Selasa, September 25, 2012


Women issues overlooked due to low political presence, analysts say

KUALA LUMPUR, Sept 24 — The lack of female participation in Malaysian politics has likely caused the years of neglect over issues of concern to women although the gender makes up half the country’s 13 million-strong electorate, analysts have said.

According to statistics from the Women, Family and Community Development Ministry, only 10.4 per cent of the country’s 222 federal lawmakers and eight per cent of the 576 assemblymen in state assemblies nationwide are women.

File photo of women at a political party gathering. Women make up a ‘big block of votes’, being ‘half of the voters of every constituency’.

In total, there are 13 Barisan Nasional (BN) women MPs and 10 from Pakatan Rakyat (PR), comprising four from the DAP, and three each from PAS and PKR.

At the state level, BN women occupy 27 seats in state legislatures while PR holds 21 seats — 13 from the DAP and four each from PAS and PKR.

With the lack of female presence in politics, even the country’s women affairs ministerial portfolio is currently handled by a man — Prime Minister Datuk Seri Najib Razak, no less.

The BN chairman had taken over the post from Wanita Umno chief Datuk Seri Shahrizat Abdul Jalil earlier this year when the latter’s senatorship was not renewed during the height of the National Feedlot Centre (NFC) scandal.

Noting the trend, Prof Dr Jayum A. Jawan, a professor of politics and government with Universiti Putra Malaysia, said women wanted to participate in the country’s development but political parties have not been treating them “seriously”.

He said the “lack” of women in “high decision-making positions” must be addressed, saying that there are many “capable” women in the workforce.

“Anybody who includes more women candidates will definitely appeal to the professional women.”

“That is how you empower women, put more of them in Parliament,” he told The Malaysian Insider.

Jayum said that women have in the past “been taken for granted”, with many of them following their husbands’ political views, but professional women now “have their own mind” and “start questioning”.

“Besides working for votes of young people, votes of women are very important,” he said, adding that they represent a “big block of votes”, with women being “half of the voters of every constituency.”

Faisal Hazis, a political scientist from Unimas, said that “Malaysia is still grappling with the 30 per cent women representation at the decision-making level” where women are generally “under-represented”.

“There are political parties that still fail to field women candidates” such as the Sarawak Progressive Democratic Party (SPDP), Sarawak People’s Party (PRS) and Sarawak United Peoples’ Party (SUPP), he said, but added that “some PR state governments are trying to break away from this male-dominated system.”

He said women representatives often lack “quality” and “are there to fill the women quota only.”

“When they are asked to sit in the federal Cabinet or state exco, it is usually to fill the women affairs portfolio.”

Faisal said the participation of women in politics must bring about meaningful results.

“Ultimately, we should go beyond the women representation issue. So what if we reach the 30 per cent quota and women are still being marginalised and oppressed?”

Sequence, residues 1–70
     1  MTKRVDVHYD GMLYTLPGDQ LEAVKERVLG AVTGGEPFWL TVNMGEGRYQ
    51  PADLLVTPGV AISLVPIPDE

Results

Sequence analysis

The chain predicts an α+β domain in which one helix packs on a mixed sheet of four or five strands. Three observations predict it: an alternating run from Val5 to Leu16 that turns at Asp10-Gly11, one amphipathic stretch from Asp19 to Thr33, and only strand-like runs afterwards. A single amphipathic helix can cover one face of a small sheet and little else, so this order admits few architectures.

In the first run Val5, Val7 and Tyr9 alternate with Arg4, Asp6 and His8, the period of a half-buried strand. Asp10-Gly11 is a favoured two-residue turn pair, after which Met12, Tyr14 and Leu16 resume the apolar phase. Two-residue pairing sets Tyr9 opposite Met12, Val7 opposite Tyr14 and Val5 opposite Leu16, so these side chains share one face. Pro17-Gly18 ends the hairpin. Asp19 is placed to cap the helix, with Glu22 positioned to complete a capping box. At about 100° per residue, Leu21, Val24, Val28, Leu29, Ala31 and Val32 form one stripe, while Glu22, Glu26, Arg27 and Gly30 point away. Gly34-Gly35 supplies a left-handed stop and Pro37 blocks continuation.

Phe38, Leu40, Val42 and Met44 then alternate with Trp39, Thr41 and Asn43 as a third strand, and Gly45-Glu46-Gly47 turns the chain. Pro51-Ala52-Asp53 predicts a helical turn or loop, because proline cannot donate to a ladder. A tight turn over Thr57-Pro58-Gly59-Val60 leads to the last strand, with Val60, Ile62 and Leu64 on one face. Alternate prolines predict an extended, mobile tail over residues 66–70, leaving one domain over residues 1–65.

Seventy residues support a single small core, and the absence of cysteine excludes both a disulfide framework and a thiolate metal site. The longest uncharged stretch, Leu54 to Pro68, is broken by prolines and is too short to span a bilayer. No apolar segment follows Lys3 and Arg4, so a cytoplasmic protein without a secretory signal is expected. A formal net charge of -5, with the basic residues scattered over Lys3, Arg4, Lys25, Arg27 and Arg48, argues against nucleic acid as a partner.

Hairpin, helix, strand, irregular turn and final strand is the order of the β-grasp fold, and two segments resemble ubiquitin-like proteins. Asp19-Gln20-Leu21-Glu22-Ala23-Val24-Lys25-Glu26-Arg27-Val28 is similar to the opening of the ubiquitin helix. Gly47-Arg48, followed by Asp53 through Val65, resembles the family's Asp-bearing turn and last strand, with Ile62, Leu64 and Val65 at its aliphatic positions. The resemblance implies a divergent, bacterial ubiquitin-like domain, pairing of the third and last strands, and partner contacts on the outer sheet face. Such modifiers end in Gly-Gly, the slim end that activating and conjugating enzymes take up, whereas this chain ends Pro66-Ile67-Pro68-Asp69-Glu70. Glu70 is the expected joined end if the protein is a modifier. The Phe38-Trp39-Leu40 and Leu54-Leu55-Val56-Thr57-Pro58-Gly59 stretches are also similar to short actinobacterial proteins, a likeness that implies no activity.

“The 30 per cent agenda means nothing if issues or problems faced by women are not being addressed adequately by our legislation and public policies.”

Lim Teck Ghee, director of the Centre for Policy Initiatives, said women wings on both sides of the political divide “are weak and basically appendages of the male-dominated parties.”

“We still have a long way before there is some gender parity in leadership in politics as well as in other sectors. But I expect a lot more progress during the next few years.”

One of the prime concerns of women voters that politicians must address is the economy and job opportunities, the three analysts said.

“Economic issues such as employment, inflation and rising cost of living are important to both professional women and housewives,” Faisal said.

With polls drawing closer, both BN and PR have been ramping up efforts to touch-base with women voters, employing traditional door-to-door tactics to court this segment of the demographic, a method long abandoned over the years.

As both pacts are said to be locked in an almost even tussle for support, every vote is deemed crucial in the battle for Putrajaya.

PR has launched its Agenda Wanita Malaysia (AWM) initiative, promising to give women a greater voice in the administration of the country by bringing to the fore major issues of concern to women.

These issues include matters like law enforcement, increasing quality of life, providing opportunity for women to involve themselves in the economy, revamping the educational policy, social harmony and the empowerment of young women.

PR leaders have said that AWM will focus on bread-and-butter issues like safety and economy as it is believed that women vote principally on issues and established experience.

PKR president Datuk Seri Dr Wan Azizah Wan Ismail recently began an initiative for mothers against crime, a growing issue especially among women in urban areas. Another issue taking centre-stage over the past few weeks is the apparently lenient sentence for two men convicted of statutory rape, which both BN and PR have protested.

Muslimat PAS information chief Aiman Athirah Al-Jundi recently said that the party’s women’s division would go door to door, a method that worked very well previously for Wanita Umno as well.

In recent years though, this personal touch has been replaced by mass gatherings where cash handouts are given to underprivileged families but now the AWM aims to pick up where they dropped off.

By Ida Lim


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